Frederik David Holleman

Frederik David Holleman

Portrait of Frederik David Holleman, during his tenure as professor at Leiden University (1935-1939)

Frederik David Holleman, during his tenure as professor at Leiden University (1935-1939)
Born (1887-05-11)11 May 1887
Potchefstroom, South African Republic
Died 22 January 1958(1958-01-22) (aged 70)
Stellenbosch, Union of South Africa
Alma mater Leiden University
Occupation Professor, ethnologist, legal scholar

Frederik 'Frits' David Holleman (11 May 1887 – 22 January 1958)[1] was a Dutch and South African academic, ethnologist, and jurist, best known for his research into the indigenous legal systems of the Dutch East Indies (now Indonesia) and South Africa.


Frederik Holleman was born in Potchefstroom in the South African Republic (now a part of South Africa) in 1887 to a Dutch father and South African mother. His family later moved to the Netherlands; and he went to school in Kampen (1901–07) before studying law at Leiden University (1907–11).[2]

He received his doctorate in law from Leiden University in 1911,[3] where he was supervised by Cornelis van Vollenhoven, a professor and legal scholar best known for his work on the legal systems the Dutch East Indies.

In 1912, Holleman completed the entrance exam for the Dutch Indies service and subsequently moved to the Dutch East Indies in the same year. Following in Van Vollenhoven's footsteps, Holleman developed an interest in adat law, the indigenous legal system used in the Dutch East Indies and beyond. By 1915 he was serving as president of the landsraad (colonial courts) of Tulungagung and Trenggalek.[4] In this capacity, Holleman conducted research into the property, kinship, marriage, and inheritance laws of fifteen villages. During this time Holleman also contributed a chapter on Java in Van Vollenhoven's series Het Adatrecht van Nederlandsch-Indië.

In 1918, Holleman was transferred to Ambon where he acted in a similar capacity. He went on leave to Europe in 1922 during which time he published a book on the adat law of Ambon and nearby islands. He then returned to Ambon where he stayed until his appointment to the secretariat of the Governor-General in Java in 1924. In 1928, Holleman began to research property rights in Minahasa. At this time Holleman, along with fellow legal scholar Barend ter Haar, became one of the first vocal proponents of increased Dutch recognition of the indigenous legal systems of the Dutch East Indies, arguing that the relying on indigenous legal systems was a cheaper and more effective means of dispute resolution.

In 1929, Holleman was appointed successor to Bep Schrieke at the law school in Batavia (now Jakarta) as extraordinary professor in ethnology and in 1930 he was appointed professor of ethnology and sociology, a post he held until 1934. During this time he taught adat law, and also acted as chairperson of the faculty. In 1931, he was invited by the American Council of Learned Societies in Washington, D.C. to conduct research in adat law in the Philippines.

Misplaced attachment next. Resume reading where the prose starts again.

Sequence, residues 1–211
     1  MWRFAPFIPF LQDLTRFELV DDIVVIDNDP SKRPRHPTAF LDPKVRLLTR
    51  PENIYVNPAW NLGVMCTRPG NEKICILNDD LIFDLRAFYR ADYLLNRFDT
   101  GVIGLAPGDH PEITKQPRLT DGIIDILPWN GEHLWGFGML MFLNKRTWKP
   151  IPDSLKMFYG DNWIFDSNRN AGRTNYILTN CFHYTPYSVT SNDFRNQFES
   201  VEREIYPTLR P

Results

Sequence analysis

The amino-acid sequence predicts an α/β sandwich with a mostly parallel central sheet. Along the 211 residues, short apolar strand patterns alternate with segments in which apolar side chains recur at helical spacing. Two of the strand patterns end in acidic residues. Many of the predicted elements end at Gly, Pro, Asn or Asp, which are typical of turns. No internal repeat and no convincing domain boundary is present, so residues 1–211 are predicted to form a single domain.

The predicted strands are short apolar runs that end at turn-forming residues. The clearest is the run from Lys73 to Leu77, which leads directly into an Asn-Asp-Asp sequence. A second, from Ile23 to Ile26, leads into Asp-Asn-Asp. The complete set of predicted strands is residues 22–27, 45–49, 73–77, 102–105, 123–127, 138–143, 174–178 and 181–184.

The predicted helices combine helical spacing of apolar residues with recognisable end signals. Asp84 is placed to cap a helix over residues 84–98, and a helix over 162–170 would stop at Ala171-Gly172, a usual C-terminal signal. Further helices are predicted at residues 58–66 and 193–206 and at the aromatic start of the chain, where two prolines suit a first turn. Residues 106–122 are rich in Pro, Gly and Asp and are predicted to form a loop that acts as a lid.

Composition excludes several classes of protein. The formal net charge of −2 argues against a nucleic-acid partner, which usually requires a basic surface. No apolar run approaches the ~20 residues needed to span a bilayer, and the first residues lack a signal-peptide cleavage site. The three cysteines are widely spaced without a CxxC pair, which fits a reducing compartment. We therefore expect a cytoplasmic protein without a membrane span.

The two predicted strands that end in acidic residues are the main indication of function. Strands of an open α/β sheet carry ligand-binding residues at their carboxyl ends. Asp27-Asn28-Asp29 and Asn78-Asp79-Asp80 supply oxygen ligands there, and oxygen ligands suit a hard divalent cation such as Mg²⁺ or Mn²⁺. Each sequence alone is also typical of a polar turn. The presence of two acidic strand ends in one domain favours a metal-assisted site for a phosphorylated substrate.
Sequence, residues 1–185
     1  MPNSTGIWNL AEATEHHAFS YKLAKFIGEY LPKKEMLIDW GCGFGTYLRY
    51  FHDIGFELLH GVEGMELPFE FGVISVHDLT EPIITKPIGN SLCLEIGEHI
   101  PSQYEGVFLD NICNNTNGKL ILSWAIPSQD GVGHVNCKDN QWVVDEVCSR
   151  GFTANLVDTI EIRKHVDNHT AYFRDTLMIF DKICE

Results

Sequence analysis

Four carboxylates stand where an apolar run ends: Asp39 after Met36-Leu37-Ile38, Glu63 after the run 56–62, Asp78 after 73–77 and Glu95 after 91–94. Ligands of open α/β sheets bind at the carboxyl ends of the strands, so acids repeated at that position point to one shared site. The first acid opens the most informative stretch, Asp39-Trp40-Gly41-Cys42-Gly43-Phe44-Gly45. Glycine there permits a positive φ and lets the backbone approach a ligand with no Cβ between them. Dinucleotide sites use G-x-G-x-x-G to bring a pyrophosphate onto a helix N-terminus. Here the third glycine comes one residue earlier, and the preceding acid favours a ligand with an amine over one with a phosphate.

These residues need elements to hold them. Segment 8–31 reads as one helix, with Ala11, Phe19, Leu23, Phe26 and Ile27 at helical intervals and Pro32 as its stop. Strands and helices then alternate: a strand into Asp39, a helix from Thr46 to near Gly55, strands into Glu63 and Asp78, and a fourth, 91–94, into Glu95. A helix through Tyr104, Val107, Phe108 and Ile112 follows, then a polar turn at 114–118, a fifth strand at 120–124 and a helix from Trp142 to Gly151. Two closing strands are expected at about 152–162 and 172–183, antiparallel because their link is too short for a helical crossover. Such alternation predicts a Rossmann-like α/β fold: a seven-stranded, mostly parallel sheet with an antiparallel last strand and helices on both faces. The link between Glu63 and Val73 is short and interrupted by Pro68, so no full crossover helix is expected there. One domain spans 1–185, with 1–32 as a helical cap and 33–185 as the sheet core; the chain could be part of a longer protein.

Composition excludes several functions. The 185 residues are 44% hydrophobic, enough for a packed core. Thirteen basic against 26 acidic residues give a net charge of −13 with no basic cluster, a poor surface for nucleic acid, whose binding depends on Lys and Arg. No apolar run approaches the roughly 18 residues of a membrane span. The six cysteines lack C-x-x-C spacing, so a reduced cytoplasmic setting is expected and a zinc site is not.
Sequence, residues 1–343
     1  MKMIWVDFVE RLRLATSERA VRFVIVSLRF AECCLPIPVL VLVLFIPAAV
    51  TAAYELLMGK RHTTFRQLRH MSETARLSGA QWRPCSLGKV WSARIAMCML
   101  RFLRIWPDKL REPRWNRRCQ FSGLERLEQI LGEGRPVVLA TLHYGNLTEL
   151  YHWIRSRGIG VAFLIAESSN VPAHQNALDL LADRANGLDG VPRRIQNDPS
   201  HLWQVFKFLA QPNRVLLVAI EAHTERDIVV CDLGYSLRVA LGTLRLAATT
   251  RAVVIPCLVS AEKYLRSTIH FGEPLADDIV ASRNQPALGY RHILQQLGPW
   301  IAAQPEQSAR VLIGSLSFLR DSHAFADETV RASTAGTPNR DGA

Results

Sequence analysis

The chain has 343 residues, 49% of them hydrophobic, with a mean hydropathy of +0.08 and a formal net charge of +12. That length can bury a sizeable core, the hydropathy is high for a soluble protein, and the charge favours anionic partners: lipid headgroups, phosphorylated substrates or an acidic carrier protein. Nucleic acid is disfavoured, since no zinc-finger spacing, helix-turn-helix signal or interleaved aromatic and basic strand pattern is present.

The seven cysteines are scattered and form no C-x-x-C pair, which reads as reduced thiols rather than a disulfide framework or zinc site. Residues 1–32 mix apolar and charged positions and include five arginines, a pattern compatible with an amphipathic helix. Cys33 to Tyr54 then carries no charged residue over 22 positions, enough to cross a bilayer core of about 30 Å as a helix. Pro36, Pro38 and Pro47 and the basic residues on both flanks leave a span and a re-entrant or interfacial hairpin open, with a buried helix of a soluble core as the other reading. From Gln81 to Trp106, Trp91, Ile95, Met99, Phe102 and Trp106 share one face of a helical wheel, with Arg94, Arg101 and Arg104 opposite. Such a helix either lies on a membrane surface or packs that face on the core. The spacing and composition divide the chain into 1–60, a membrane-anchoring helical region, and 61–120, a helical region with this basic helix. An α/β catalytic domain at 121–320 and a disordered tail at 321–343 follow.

Shortly after the death of Van Vollenhoven in 1933, Holleman returned to the Netherlands. In 1935, he, along with Jaap Schrieke (brother of Bep Schrieke), was appointed as professor of adat law at Leiden University as Van Vollenhoven’s successors.[3]

Holleman remained in Leiden until he was appointed as extraordinary professor in indigenous (Bantu) law and native administration at Stellenbosch University in South Africa in 1939.

At request of the Dutch government, Holleman served in Melbourne, Australia, between May 1943 and May 1944, as director of emergency training of colonial administrators for the Dutch East Indies. For this service he was awarded a knighthood in the Order of the Netherlands Lion in 1950.

Towards the end of his life, Holleman began to work on a project to codify the indigenous law of South Africa. In 1957, he was appointed honorary fellow at the University of Natal ‘in recognition of his contribution to the science and teaching of the law-systems of underdeveloped societies.’

Holleman died after several months of illness on 22 January 1958 in Stellenbosch. His son Johan Frederik Holleman[5][6] continued his father’s work in adat and Southern African indigenous law. The archives of both Hollemans may be found in the special collections of Leiden University Library,[7] the Museum Volkenkunde in Leiden, and the Afrika-Studiecentrum library, also in Leiden.[8]


  1. Logemann, J.H.A. (1959). "Levensbericht: F.D. Holleman" (PDF). Huygens Institute - Royal Netherlands Academy of Arts and Sciences (KNAW). Retrieved 7 March 2016.
  2. "Prof. Dr F.D. Holleman: Onderscheiden". 1951. Retrieved 7 March 2016.
  3. 1 2 "Leidse Hoogleraren vanaf 1575: Frederik David Holleman". Universiteit Leiden. Retrieved 7 March 2016.
  4. Von Benda-Beckmann, Franz; Vermeulen, Han (2001). "Adat Law and Legal Anthropology, In Memoriam: Johan Frederik (Hans) Holleman (18 December 1915 - 28 August 2001); with a bibliography." (PDF). Journal of Legal Pluralism and Unofficial Law (46). Retrieved 17 March 2016.
  5. "Leidse hoogleraren vanaf 1575: Johan Frederik Holleman". Universiteit Leiden. Retrieved 7 March 2016.
  6. Vermeulen, H.F. (2001). "In Memoriam: Prof.dr. J.F. Holleman". Mare Online. Retrieved 7 March 2016.
  7. "Archief Holleman, F.D.". Special Collections. Universiteit Leiden. Retrieved 7 March 2016.
  8. "Archives". African Studies Centre Leiden. Retrieved 20 June 2016.
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